Drafts 3.5 for iOS review: Note-taking app lets you focus on writing first
By Brian Beam
At a glance
Drafts for iPhone and iPad by Agile Tortoise is one of those apps that’s difficult to describe in one sentence. On one hand, you can lump it in with the growing number of iOS text editor apps. But, while all those other apps are designed to work with longer text-only documents, Drafts’ primary focus is short notes. But don’t let that fool you because Drafts really isn’t a note-taking app either. Confused? Maybe this will help. Think of Drafts as a tool that helps you automate text-oriented actions and integrate other iOS apps. If that still doesn’t make sense, then perhaps the best way to describe Drafts is to provide an example of how I use it.
As a Web developer and project manager, I keep lots of notes, which I store as plain text files in my Dropbox account. One of the notes that I update frequently contains a running list of my business expenses. When I want to record an expense while at my Mac, I’ll open my expenses file in nvALT, place my cursor at the top of the document, then use a TextExpander script that prompts me for input and inserts that info into my file.
However, what if I need to record an expense while I’m not at my Mac? While I could always edit the file with a Dropbox-powered text editor on my iPhone or iPad, Drafts makes this process fast and easy on an iOS device—even easier than on the Mac. When I open Drafts, it greets me with a blank screen where I can immediately start typing. So, I call up my TextExpander snippet and enter my expense info, which ends up as a few lines of text in Drafts. Next, I select an “action” I created called “Add to Expenses” which prepends the text in Drafts to the top of my expenses file that’s stored in Dropbox, all without needing to open the file and edit it directly.
Actions in Drafts are little scripts that can manipulate the text in a note and send it on to other apps for additional processing. The app provides several that you can use straight out of the box. For example, you can post to Twitter, Facebook, Google+ and App.net, create Reminders, save to Evernote, create tasks in Clear, and so on. While these built-in actions are handy, Drafts’ real power lies in your ability to create your own actions. You can use the built-in actions as examples, but it doesn’t stop there. Drafts can talk with almost any other app on your device, as long as it provides a URL scheme to enable that communication pathway.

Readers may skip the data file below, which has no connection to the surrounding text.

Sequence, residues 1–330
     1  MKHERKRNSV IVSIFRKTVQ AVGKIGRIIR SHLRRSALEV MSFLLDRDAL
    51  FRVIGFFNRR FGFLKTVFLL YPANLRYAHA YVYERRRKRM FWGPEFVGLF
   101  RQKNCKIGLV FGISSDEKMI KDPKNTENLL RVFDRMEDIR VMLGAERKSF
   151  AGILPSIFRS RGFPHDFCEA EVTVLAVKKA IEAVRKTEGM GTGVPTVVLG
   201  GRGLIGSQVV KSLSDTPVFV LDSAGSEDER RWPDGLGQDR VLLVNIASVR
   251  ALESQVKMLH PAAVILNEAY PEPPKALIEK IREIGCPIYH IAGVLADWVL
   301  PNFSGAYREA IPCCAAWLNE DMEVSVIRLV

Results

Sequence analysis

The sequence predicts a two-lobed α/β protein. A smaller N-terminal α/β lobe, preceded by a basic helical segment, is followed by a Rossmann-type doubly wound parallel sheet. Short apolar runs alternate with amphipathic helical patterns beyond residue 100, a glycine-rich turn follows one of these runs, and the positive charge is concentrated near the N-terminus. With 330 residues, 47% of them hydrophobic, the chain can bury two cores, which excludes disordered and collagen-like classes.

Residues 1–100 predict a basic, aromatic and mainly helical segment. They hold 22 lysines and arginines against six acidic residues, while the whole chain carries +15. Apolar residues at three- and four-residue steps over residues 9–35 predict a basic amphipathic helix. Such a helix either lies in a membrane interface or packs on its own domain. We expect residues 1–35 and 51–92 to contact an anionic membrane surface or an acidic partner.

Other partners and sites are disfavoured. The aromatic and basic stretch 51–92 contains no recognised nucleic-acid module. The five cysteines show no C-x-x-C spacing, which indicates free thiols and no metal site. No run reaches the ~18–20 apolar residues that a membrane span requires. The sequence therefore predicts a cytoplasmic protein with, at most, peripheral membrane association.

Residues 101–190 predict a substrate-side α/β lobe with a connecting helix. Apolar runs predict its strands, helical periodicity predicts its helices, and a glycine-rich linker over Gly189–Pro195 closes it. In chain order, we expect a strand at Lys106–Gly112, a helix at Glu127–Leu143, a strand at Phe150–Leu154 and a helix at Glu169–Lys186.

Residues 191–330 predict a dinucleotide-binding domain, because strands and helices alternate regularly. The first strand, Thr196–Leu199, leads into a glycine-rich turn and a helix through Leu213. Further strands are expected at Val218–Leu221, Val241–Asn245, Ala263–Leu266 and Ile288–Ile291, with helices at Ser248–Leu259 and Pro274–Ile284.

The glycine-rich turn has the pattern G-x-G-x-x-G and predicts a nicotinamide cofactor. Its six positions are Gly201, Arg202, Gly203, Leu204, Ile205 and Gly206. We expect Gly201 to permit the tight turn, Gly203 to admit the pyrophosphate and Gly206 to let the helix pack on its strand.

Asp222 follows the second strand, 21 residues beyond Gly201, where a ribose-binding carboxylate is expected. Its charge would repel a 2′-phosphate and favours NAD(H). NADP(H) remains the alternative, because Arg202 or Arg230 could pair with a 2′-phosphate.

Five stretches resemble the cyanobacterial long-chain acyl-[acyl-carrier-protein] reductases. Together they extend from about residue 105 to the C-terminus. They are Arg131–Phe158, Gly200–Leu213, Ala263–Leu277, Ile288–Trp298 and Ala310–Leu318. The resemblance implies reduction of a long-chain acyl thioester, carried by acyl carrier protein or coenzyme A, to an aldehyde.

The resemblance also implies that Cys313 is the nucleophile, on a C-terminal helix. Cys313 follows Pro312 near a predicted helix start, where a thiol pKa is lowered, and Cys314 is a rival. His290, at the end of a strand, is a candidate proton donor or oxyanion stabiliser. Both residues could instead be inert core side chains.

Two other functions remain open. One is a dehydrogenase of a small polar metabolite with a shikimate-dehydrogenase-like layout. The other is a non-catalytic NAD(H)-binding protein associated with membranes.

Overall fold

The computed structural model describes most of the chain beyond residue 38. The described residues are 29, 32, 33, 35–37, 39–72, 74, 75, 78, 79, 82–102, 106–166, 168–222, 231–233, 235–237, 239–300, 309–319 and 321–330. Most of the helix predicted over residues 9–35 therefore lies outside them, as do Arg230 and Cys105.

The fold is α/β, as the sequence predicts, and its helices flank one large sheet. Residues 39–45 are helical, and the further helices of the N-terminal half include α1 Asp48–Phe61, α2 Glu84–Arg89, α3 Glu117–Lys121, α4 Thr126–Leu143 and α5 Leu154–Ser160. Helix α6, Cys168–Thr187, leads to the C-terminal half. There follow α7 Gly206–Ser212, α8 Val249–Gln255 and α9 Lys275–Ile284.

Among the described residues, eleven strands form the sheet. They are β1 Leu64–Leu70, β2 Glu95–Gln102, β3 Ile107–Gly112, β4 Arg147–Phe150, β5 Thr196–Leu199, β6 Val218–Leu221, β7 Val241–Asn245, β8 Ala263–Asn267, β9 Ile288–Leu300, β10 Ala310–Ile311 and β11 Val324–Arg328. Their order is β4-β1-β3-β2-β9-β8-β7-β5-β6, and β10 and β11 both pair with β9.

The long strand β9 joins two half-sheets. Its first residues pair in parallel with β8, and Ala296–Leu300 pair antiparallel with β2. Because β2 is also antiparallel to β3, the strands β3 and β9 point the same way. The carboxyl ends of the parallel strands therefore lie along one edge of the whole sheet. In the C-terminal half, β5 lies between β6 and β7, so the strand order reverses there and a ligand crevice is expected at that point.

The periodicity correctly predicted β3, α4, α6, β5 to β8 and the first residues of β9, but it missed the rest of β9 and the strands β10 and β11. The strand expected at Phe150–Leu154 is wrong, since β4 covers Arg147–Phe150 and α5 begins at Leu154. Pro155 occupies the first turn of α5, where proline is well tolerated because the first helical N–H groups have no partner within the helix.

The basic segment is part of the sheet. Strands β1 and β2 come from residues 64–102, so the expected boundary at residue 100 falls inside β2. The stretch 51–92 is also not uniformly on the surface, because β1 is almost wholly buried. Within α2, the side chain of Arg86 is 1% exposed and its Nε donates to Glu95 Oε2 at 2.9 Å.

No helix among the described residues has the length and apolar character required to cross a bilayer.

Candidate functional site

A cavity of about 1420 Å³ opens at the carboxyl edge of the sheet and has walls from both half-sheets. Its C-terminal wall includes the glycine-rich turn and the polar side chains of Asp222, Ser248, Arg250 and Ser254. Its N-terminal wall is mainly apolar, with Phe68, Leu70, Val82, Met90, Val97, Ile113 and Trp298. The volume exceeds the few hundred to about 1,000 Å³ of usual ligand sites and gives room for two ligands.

While some of you may be thinking that Drafts sounds like a tool geared only towards geeks, you’re only partially correct. While creating actions with custom URL schemes might be beyond average users, those who post to social media services, for example, may find the built-in actions useful to collect interesting posts in Drafts throughout the day, then post them via the app later. Writers who work in Markdown would likely appreciate the ability to compose text in Drafts using Markdown syntax, then send the formatted text to Evernote or to Mail. In fact, you can even skip all the fancy stuff and just use Drafts to jot down notes and reminders to yourself to review later.
Drafts automatically saves all your notes for you. Those that you want to keep around can be “pinned” so that you can call them up quickly. You can use Drafts’ search feature to locate notes of interest and you can archive (or delete) ones you no longer need. If you choose, you can sync your notes and actions to the cloud so that you can use them on all your devices. Rather than using iCloud, Drafts syncs via Simperium, which the developers feel is currently more reliable than iCloud. If you don’t already have a free Simperium account, you can easily create one within Drafts.
Drafts is a very powerful and flexible tool that mainly provides the means to an end, not the end product itself. It’s one of a growing number of apps that are helping to break through the rigid confines of the iOS application sandbox and getting apps to work together in ways that were once thought impossible.
Drafts is currently available for the iPhone/iPod touch ($3) and the iPad ($4) but is not a universal app. Although the iPhone version works satisfactorily on the iPad, you’ll likely want to purchase both versions if you own both types of devices.
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